I don’t want to scare you by talking so much about how popular Tayrona National Park is and how busy it gets. Yes, it is busy for most of the day, but on my recent visit, Dan and I were able to enjoy the most beautiful beach all to ourselves for nearly 2 hours!

The secret is that you need to stay the night in Tayrona National Park. The majority of people visit Tayrona on a day trip from Santa Marta. These people make the park very busy between the hours of 10 am and 3 pm. But if you stay the night, you’re able to enjoy Tayrona during its most peaceful hours.

We got up early after spending the night in a hammock at Cabo San Juan (more on that below) and walked 20 minutes to the beach called La Piscina. This is my personal favorite beach in Tayraon National Park because the water is the calmest.

When we reached La Piscina there was not another person in sight. We had this entire beach to ourselves for nearly two hours. and even then, only a couple of other people arrived. It was so peaceful and a relaxing wat to enjoy the morning before we had to leave Tayrona again.

6. The Best place to stay is Cabo San Juan (and you can book your hammock or tent in advance!)

Cabo San Juan Beach in Tayrona National Park, Colombia
Cabo San Juan Beach in Tayrona National Park, Colombia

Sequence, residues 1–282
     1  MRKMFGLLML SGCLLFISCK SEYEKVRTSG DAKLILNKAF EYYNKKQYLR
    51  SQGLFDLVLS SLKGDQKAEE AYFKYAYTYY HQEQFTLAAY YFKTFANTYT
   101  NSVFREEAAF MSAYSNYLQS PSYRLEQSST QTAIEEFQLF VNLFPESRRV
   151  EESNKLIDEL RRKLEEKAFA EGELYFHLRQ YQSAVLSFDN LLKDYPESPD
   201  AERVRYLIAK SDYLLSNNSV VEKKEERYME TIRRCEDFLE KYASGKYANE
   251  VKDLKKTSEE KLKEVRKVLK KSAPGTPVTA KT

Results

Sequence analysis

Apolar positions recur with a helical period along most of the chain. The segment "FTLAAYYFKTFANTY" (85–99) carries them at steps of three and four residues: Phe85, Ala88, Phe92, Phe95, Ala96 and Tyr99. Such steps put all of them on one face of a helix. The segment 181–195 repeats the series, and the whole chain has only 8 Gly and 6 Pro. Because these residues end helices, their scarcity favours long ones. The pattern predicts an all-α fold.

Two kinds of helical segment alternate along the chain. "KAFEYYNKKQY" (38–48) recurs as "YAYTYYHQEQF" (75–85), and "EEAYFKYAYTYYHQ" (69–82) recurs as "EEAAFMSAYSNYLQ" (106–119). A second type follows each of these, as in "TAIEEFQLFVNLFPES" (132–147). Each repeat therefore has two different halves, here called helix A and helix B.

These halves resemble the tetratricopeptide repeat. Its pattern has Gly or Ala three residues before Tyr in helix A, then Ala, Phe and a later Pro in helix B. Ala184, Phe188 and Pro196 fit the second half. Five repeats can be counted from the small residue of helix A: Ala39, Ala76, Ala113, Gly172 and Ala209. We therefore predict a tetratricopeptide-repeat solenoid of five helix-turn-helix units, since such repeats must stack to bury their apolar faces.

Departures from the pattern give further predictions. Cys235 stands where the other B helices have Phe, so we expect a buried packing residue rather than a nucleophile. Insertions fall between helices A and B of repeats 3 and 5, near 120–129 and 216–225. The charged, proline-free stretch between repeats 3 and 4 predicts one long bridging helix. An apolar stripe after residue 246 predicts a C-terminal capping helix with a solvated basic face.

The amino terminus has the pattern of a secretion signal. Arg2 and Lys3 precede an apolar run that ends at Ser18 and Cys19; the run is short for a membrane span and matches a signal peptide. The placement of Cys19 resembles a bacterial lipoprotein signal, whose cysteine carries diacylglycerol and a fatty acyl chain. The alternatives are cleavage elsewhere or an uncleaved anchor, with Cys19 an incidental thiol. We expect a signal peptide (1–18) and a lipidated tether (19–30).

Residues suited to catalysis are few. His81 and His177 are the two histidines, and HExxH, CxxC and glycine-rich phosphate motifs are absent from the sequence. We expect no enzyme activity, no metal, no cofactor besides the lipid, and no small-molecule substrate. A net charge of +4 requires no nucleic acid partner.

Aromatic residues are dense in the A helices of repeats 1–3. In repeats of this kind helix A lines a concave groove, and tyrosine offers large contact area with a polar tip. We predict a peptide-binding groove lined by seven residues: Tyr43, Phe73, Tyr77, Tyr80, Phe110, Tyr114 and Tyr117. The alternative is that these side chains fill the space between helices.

If you are wanting to spend the night, you have a few options for campsites and basic accommodation within the park. In our where to stay in Tayrona blog we outline all of these options in detail, but to cut to chase, we recommend staying at Cabo San Juan.

This place has the nicest beach and although the facilities are basic, it has everything you’d need from a restaurant to a mini-mart to showers.

You can book cabins at Cabo San Juan on their website in advance. Just be warned, these cabins are very basic and extremely overpriced in my opinion.

For that reason, most people choose to stay in a hammock or tent. However, these too often sell out and they cannot be booked online in advance.

But they can be booked in advance in person. Near the El Zaino entrance gate there is a small Cabo San Juan desk. Here, you can book your hammock or tent before you even enter the park. This can be done first thing in the morning when you arrive, or if you’re staying the night near the park, you can buy it the day before.

This is what we did. After checking into our hotel near the entrance gate we walked to the Cabo San Juan desk. We purchased two hammocks for the following day and this saved us time and hassle the next morning!

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7. Keep your eyes and ears open for wildlife!

A monkey sits in a tree in Tayrona National Park
The Capuchin Monkeys were super cute!

I truly think that one of the things about Tayrona National Park that doesn’t get highlighted enough is the wildlife. People rave about the jungle, pristine beaches, and overall impressive landscape. But to me, one of the best things about visiting Tayrona is the wildlife you can see!

Last time we visited we saw so many colorful birds it was crazy. We also saw Cotton Top Tamarin monkeys on the first day as well as some larger Capuchin Monkeys on the second day. We heard Howler monkeys but unfortunately didn’t see them.

My best advice is the walk slow, stay away from larger groups of people and listen. You’ll likely hear monkeys and birds long before you see them. Once you hear them, take it slow and keep your eyes open!

8. No plastic bags are allowed in Tayrona National Park

Bailey stands in the water at Caba San Juan Beach on a beautiful day in Tayrona National Park